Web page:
Latina Entrepreneur: Chocolatier Arcelia Gallardo

Photo courtesy of Arcelia Gallardo.

Photo courtesy of Arcelia Gallardo.




“Give me anything in the Americas and I’ll try to put it into chocolate”: The one and only Latina chocolatier, Arcelia Gallardo




by Perlita R. Dicochea

Arcelia Gallardo gave a presentation (complete with chipotle-infused samples) to my environmental justice students last March about chocolate-making, her latest creations at her chocolate store in Berkeley, and what it is like to be the only woman of color chocolatier. She told my students how white-male chocolatiers have difficulty taking her seriously (particularly Europeans) and that, in her observation, whites in Berkeley appreciated her confections more than the Latina/o professionals who she initially thought would be her primary clientele.

Ms. Gallardo was as candid a few days ago when she managed to squeeze in some time to share her latest projects and plans with me during a chocolatier’s most busy season of the year.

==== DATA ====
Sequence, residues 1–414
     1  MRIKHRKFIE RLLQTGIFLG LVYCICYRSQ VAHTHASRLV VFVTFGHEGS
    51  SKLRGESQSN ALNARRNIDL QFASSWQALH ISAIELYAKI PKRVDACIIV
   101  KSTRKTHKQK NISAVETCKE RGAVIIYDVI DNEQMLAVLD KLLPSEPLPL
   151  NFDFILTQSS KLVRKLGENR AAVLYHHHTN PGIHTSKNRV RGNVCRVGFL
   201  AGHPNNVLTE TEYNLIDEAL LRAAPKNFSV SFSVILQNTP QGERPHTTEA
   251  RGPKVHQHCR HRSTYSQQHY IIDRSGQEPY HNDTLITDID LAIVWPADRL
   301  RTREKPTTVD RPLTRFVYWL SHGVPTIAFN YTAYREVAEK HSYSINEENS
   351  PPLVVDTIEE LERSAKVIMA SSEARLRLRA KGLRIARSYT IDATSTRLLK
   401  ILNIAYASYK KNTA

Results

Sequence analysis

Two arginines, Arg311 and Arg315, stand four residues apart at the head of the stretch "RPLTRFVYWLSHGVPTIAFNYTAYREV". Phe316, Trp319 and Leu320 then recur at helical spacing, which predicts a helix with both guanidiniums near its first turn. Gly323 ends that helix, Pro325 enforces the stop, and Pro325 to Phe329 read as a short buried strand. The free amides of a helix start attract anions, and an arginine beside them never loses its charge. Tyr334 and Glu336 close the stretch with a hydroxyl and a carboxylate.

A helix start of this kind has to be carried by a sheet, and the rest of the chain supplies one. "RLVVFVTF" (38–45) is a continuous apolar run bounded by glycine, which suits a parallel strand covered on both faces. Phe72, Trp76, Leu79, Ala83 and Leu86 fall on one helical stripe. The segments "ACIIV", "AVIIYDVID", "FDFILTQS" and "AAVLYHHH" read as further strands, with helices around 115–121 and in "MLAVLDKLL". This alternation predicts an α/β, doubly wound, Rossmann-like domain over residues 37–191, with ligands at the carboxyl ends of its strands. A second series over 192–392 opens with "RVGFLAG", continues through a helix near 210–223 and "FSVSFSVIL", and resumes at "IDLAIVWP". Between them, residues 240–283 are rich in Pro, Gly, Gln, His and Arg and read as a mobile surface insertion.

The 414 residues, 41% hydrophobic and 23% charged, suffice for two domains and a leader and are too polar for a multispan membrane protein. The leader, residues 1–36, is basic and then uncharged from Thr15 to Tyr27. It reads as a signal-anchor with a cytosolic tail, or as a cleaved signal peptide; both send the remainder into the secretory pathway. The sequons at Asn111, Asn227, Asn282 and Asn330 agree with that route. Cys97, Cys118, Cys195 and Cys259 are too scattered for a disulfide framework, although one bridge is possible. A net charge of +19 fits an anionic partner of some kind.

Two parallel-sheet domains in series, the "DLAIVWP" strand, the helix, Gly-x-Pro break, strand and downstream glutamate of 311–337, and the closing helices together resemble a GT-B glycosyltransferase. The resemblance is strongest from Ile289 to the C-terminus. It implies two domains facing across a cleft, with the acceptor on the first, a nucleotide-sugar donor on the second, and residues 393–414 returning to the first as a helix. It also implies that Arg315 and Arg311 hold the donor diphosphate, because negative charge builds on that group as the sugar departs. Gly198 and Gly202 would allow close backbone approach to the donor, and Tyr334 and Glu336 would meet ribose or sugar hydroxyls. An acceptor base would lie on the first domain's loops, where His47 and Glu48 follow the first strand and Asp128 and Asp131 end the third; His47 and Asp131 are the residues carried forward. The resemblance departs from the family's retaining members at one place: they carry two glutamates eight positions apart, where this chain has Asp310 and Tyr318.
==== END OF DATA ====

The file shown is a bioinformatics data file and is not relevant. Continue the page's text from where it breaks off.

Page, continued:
Ms. Gallardo started Casa de Chocolates in 2005, selling her confections on-line until 2011, when she found the right investor and opened the retail space. I was surprised and delighted to learn that she sold her business a few months ago in order to focus her efforts on the production process of making cocoa from Latin American cacao beans. Arcelia Gallardo is currently doing such work with a factory in the Mission District, where her official title is Chocolate Wizard.

She explains why this is such a special moment for Latin American cacao beans and offers a much-needed social justice approach to the industry.

Q: Where are you now? Do you have a home office?

A: Yes I have a home office and for the last two months I have been working with Dandelion Chocolate in the Mission [in San Francisco]. They buy the beans and process everything there [at their factory] and make chocolates. Dandelion Chocolate processes chocolate from Belize and Venezuela—it is very high quality, organic Latin American chocolate.

Q: That is a big decision that you just made to focus on the production process aspect of chocolate making.

A: I wanted to work with farmers a lot more. It was a tough decision—I had the idea to have my own chocolate store for ten years. But I had to choose. And I realized that my passion is this aspect [processing]. I learned a lot having the store. It helped me really understand the buyer’s point of view and the retailer’s point of view and helped me understand what chocolatiers really need.